It’s the Smart Grid, stupid

2011-01-27 00:00

A FAVOURITE argument of renewable energy (RE) naysayers goes something like this: "I really like the idea of solar and wind power, but we will always need big coal and nuclear power stations because the wind doesn't always blow and the sun only shines in the day."

I don't know where they get this — the coal and nuclear PR industry, or a general lack of imagination, perhaps — but I do know it's a red herring and in replying I always try to be as patronising as they were when they started the debate.

"Imagine I was a farmer somewhere out in the bundus and I wanted to meet my substantial electricity needs by using only RE sources. I wouldn't get very far with just a solar panel or a wind turbine. I'd do a bit better with some of both and better still with a bank of batteries to allow me to store excess energy. But the easiest way to make my renewable energy efforts truly sustainable would be to hook up — literally — with many others like me, spread over as wide an area as possible."

The answer to the question of stable, large-scale RE supply — the kind that can satisfy cities and industries and not just individual households — lies in the grid. The Super Grid, in fact.

More and more people are coming to the conclusion that RE can provide most if not all of our electricity needs. Spain already generates some 35% of its power that way and last year Scottish first minister Alex Salmond predicted that Scotland would produce all of its electricity needs from RE resources by 2025.

A 2010 study published by global assurance, tax and business consultants PricewaterhouseCoopers — not exactly the kind of people prone to rampant exaggeration — provides a detailed road map that shows how, by 2050, all of Europe and North Africa can be powered exclusively by RE. These kinds of mega-proposals, including the German-backed Desertec project, all hinge on super grids.

The idea is to tie as great a variety of RE generation sites in as widely distributed a geographical area as possible into one huge, interconnected, cross-national power network. The more linkages in the grid, the greater the possibility of smoothing out the supply provided by renewable sources such as wind and sunlight even if individually they are intermittent. In a super grid like that the sun doesn't always have to shine and the wind doesn't always have to blow to provide constant power.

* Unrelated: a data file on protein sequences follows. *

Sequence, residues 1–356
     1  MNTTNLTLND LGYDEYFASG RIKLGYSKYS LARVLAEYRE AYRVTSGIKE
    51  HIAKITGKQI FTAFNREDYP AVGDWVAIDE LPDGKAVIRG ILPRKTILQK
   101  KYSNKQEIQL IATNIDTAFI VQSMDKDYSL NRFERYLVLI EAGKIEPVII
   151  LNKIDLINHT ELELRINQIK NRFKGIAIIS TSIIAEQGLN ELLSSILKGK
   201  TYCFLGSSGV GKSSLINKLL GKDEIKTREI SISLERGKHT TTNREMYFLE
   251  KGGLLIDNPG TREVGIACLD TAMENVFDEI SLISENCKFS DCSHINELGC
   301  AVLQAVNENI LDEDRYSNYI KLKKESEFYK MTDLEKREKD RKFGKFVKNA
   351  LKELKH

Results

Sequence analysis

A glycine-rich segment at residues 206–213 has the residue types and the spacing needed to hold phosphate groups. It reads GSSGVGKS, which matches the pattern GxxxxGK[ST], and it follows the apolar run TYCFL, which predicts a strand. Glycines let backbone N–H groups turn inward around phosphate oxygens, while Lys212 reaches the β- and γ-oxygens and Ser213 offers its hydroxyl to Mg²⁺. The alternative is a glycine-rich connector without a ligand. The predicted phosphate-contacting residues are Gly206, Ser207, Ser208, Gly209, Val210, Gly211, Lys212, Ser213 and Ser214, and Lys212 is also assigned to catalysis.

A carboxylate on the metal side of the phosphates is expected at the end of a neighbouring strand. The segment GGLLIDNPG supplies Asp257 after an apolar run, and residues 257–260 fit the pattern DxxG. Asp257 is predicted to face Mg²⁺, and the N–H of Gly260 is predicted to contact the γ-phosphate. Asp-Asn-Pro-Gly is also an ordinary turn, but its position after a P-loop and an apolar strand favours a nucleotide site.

The PricewaterhouseCoopers model involves hydropower from the Alps and Scandinavia, on and off-shore wind power from the Baltic and the North Sea, concentrated solar power from North Africa and southern Europe, and more. A southern African super grid could integrate on and off-shore wind energy from the Eastern and Western Cape, hydropower from the large rivers in the countries to our north, concentrated solar power from Namibia, the Northern Cape and Botswana, and much more.

The grid is scalable and wouldn't only be able to incorporate large power plants but also small-scale operations like surplus energy generated by industrial plants, power fed into the grid by solar panels and wind turbines from municipalities and private households, and plug-in electric vehicles which could serve as temporary, distributed electricity storage devices while they're parked at home or work.

Future super grids won't just be large. They'll be smart as well. They'll be able to monitor and respond to all of the components, be they big power stations or individual home electricity meters, enabling them to integrate intermittent RE sources and manage power generation and distribution with much less waste and inefficiency than existing grids which currently lose enough electricity annually to power all of Germany, India and Canada.

The basic technology required for the Smart Super Grid already exists and advances in large-scale energy storage and efficient, long-distance, high-voltage direct current electricity transmission lines are more than promising. Yes, large financial investments would be required, but do we want to spend our money on more dirty nuclear and coal power stations — the technologies of the past — which will run out of fuel sooner or later? Or do we want to invest it in a clean, low-carbon energy future that will be sustainable for generations to come? It's a no-brainer. — News

• Andreas Späth has a PhD in geochemistry and manages Lobby Books, the independent book shop at Idasa's Cape Town Democracy Centre.

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